Where is habitat destruction most common?
Central America, Sub-Saharan Africa, and the Amazonian tropical rainforest areas of South America are the main regions with unsustainable agricultural practices or government mismanagement. Areas of high agricultural output tend to have the highest extent of habitat destruction.
What is the threat of habitat destruction?
Habitat loss is one of the biggest threats to biodiversity—it is the number one reason species go extinct. Clearcutting forests to create fields, filling in wetlands to build houses, and creating dams that change river flow are all examples of habitat destruction.
Who is responsible for habitat destruction?
Human activity is by far the biggest cause of habitat loss. The planet’s human population has doubled in the past 50 years and the pressure to house and feed more than seven billion people has seen incursions into previously pristine natural habitats increase dramatically.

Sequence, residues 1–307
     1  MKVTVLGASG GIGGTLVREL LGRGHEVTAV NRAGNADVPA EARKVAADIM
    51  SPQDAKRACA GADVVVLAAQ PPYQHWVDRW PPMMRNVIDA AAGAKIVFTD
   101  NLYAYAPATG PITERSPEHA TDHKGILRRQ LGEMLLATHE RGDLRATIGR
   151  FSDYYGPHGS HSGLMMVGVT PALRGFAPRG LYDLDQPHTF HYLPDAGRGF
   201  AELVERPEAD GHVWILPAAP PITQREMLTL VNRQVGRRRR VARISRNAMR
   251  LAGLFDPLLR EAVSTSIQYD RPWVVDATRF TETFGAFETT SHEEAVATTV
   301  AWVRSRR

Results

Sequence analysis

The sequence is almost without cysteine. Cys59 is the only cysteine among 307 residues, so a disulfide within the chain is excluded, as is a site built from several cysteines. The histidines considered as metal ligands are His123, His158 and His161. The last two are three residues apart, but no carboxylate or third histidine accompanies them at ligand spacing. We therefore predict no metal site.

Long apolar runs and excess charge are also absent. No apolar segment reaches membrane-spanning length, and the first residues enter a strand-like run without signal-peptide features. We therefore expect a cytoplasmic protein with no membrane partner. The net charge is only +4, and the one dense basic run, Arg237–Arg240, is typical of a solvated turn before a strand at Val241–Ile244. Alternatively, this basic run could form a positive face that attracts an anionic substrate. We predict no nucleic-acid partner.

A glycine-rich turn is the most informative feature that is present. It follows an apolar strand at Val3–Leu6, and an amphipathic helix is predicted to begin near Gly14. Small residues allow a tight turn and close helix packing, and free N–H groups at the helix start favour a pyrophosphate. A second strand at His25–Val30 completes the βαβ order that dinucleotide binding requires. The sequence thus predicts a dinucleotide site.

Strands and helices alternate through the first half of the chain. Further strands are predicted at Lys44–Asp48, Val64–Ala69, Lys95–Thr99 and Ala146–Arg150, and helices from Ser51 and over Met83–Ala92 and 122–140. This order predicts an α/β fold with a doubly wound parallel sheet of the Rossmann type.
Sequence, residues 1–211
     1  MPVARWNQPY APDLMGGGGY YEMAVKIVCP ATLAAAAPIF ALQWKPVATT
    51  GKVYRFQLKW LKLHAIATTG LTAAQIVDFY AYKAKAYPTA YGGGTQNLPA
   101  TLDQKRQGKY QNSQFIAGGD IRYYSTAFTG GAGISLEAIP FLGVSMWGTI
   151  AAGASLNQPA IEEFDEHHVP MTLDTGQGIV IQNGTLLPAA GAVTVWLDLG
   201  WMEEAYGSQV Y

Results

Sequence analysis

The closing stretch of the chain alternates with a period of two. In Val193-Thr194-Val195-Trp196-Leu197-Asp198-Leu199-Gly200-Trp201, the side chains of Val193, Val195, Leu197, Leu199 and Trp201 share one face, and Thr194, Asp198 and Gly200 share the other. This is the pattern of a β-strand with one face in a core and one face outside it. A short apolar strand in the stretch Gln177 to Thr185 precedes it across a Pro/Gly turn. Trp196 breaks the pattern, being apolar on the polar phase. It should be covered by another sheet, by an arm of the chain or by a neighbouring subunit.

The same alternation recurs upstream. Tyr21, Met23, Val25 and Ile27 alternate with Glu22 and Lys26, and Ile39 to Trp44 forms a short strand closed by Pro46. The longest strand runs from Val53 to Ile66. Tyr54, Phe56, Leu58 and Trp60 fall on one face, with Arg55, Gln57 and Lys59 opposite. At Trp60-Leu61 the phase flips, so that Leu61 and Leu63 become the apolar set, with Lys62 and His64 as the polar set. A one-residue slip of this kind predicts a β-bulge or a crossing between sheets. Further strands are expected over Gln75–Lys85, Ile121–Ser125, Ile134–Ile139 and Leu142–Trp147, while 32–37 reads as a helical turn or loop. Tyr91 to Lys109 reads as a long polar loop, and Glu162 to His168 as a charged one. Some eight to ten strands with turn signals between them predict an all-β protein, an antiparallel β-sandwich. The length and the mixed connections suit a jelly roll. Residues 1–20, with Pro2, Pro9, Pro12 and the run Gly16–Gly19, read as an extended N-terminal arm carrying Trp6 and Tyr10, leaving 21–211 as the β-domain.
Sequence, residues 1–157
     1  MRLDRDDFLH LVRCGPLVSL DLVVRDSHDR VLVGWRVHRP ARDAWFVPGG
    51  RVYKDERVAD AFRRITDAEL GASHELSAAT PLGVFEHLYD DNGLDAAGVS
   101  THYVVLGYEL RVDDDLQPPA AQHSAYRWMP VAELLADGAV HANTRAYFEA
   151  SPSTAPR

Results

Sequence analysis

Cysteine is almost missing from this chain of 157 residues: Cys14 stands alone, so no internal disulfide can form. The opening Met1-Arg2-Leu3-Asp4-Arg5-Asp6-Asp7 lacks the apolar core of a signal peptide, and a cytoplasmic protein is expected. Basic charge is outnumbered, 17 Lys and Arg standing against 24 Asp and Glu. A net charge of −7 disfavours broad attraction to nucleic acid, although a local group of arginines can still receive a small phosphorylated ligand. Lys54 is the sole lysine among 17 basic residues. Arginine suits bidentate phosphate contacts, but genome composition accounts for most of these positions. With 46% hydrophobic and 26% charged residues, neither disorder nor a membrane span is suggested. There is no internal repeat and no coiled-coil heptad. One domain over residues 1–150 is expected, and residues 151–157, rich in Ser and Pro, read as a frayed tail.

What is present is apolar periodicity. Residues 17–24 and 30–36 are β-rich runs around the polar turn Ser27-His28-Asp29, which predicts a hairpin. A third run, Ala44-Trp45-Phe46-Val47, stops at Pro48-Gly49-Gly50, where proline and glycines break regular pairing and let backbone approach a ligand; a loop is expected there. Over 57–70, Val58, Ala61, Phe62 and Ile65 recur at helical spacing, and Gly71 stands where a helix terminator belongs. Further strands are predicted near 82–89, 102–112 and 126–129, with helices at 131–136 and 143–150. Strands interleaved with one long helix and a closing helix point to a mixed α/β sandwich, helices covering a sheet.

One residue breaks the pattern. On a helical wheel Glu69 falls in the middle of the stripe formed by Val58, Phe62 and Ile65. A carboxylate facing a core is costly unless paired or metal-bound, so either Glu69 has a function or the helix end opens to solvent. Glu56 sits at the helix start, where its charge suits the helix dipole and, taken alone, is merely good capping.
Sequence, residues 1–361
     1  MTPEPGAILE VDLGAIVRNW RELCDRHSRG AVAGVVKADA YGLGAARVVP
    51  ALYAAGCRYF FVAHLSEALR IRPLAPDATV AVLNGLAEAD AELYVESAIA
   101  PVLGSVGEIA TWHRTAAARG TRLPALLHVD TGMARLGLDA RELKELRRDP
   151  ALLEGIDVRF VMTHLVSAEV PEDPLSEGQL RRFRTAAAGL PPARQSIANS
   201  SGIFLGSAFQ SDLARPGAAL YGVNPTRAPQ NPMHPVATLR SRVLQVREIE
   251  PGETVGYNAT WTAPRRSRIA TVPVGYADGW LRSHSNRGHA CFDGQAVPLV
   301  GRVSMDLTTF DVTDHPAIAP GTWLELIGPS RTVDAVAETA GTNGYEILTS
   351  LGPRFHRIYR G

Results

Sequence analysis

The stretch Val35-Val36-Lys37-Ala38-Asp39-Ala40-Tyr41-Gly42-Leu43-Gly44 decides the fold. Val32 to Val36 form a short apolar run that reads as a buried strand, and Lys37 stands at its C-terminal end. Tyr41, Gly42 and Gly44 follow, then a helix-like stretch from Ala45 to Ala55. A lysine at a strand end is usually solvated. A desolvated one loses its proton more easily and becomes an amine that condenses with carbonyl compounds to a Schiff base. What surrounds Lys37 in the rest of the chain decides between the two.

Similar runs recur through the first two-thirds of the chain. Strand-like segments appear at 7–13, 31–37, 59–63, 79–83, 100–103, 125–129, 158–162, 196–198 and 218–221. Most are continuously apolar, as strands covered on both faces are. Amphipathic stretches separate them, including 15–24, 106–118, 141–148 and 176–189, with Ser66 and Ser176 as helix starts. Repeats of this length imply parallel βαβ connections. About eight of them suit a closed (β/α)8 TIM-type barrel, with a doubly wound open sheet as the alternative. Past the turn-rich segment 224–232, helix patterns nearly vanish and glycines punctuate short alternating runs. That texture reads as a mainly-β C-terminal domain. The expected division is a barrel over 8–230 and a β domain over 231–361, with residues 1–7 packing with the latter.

What is your own understanding of habitat destruction?
Habitat destruction, defined as the elimination or alteration of the conditions necessary for animals and plants to survive, not only impacts individual species but the health of the global ecosystem. Habitat loss is primarily, though not always, human-caused.
What are the cause of biodiversity and destruction?
Habitat destruction is a major cause of biodiversity loss. Habitat loss is caused by deforestation, overpopulation, pollution, and global warming. Species that are physically large and those living in forests or oceans are more affected by habitat reduction.
How does habitat destruction cause extinction?
When a habitat is destroyed, the plants, animals and other organisms that occupy the habitat have reduced their carrying capacity or ability to survive, to the point that populations decline and become extinct.
How can we prevent habitat destruction?
Combat habitat loss in your community by creating a Certified Wildlife Habitat® near your home, school, or business. Plant native plants and put out a water source so that you can provide the food, water, cover, and places to raise young that wildlife need to survive.